AIDS In Staten Island
You have to be very mobile to try to do the work on Staten Island," says Norman Candelario, PTI Education Coordinator of the Staten Island AIDS Task Force. Van Macaluso, Substance Abuse Coordinator at Project Hospitality, agrees. "Staten Island is considered to be a small community," states Van, "but it is very spread out. The word just doesn't get out that there is help, the way it might in Manhattan." Adds Diane Arneth, Executive Director of the S.I. AIDS Task Force, "Very often, AIDS services are not as coordinated as we would like them to be. People are crisscrossing all over the island to get a number of different services, which would probably be better delivered at one site."
But necessity is the mother of invention. Ralph Vogel, Director of Education at the Staten Island AIDS Task Force, explains the history of delivering AIDS services on the island. "In the first two years when we started the Task Force," says Ralph, "it was very difficult. People at first didn't want to have anything to do with you, but over the last eight or nine years, there's been really significant trust building between the Task Force and other agencies. When we started, there was one support group and one doctor, and most other service organizations didn't address the issue."
"Staten Island is a good kind of community to make things happen," he continues. "People here are used to coming together and trying to tackle issues. You can't snap your fingers and make them happen, but you can work at it and you'll get good community support."
Community Support has come from a variety of places, both the predictable and unexpected. Diane has been fighting for people with AIDS for many years; as a result, she has seen support and opposition for various prevention efforts throughout the years. She says, "One of the most pleasant surprises in terms of support was Staten Island Borough President Guy Molinari. When he came into office, there was no AIDS-designated center here. He called together the two hospital systems, myself, and Bruce Agins and Ira Feldman from the AIDS Institute. As a result of that meeting, both St. Vincent's and Bayley Seton Hospital became AIDS-designated centers."
In addition to those two hospitals, the Staten Island AIDS Task Force, Project Build, the Staten Island University Hospital, and Sub-Sahara AIDS Rescue are all providing AIDS services. But by far the most compelling source of support is the people there who are living with HIV.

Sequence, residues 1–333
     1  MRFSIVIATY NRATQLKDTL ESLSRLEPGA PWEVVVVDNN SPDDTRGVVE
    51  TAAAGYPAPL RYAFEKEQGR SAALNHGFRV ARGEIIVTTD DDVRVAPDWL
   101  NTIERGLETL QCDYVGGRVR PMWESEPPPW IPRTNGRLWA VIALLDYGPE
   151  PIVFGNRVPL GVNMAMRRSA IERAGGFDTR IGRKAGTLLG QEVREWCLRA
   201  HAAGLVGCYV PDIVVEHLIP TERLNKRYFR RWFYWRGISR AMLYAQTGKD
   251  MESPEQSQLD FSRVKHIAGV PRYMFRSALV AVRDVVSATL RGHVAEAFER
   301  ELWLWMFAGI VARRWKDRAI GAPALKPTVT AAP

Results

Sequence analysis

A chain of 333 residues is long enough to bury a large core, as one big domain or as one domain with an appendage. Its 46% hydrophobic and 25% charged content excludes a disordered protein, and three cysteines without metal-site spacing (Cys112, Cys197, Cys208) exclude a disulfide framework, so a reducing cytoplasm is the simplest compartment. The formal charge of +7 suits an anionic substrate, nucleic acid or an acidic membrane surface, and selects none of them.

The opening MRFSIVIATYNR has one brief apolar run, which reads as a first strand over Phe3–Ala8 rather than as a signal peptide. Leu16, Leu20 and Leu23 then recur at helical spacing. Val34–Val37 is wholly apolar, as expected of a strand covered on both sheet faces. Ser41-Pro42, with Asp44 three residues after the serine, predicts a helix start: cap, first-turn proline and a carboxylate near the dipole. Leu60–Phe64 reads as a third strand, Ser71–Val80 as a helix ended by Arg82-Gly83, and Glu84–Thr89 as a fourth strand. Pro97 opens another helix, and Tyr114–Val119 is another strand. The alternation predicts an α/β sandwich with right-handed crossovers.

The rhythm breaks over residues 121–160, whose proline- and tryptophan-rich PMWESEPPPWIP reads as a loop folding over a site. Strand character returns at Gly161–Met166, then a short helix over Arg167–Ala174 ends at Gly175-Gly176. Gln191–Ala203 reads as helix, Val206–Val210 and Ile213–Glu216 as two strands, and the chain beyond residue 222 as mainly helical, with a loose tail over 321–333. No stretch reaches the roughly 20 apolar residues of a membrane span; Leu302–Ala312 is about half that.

Staten Islanders Living with HIV
China, a soft spoken woman with a strong message, is living with AIDS. She says, "I was diagnosed March 16, 1994 as being HIV-positive. People need to be more out in the open about this virus. They need to come out and let it be known that they're HIV-positive. We need more treatment education here on S.I., more prevention and education, and we definitely need a needle exchange."
Yvette, a young African American woman living with HIV, agrees. "A lot of people on S.I. are not educated enough about HIV," she says. "If they knew more, they would understand that we need needle exchange on this island."
Terrence learned that he was HIV-positive in September of 1992. "One of the biggest obstacles here on Staten Island is being accepted as a human being, not a leper," he informs. "No human being wants to suffer such rejection." His advice to people who are just learning that they are HIV-positive? "Educate yourself about HIV and know the difference between HIV and AIDS. The more knowledge you have, the better off you will be in handling your diagnosis." Elijah Haynes states, "I am a recovering drug addict living with HIV. When I found out that I was HIV-positive, I came across a longtime friend who suggested that I seek out a program called Project Hospitality Positive Living. I've been there for close to three years, learning to live with the stress of being HIV-positive."
Ralph Vogel has worked at the Task Force for the last eight years, first as the Director of Volunteer Programs, and for the last three years as the Director of Education. He says, "Staten Island is a big small town. As an island, it's isolated. It really helps our work that people know each other."
One example of a recent accomplishment on Staten Island is its Peer Education program. "We're preparing now for a training that will begin in January," states Vogel. "We're trying to recruit people with a history of substance abuse who've been clean for six months, who are interested in becoming peer educators. Applicants will go through a whole series of trainings throughout the winter on outreach skills, risk reduction workshops and one-on-one counseling. Now is the time to request an application, fill it out, and attend one of the volunteer orientations. There's also a small stipend involved."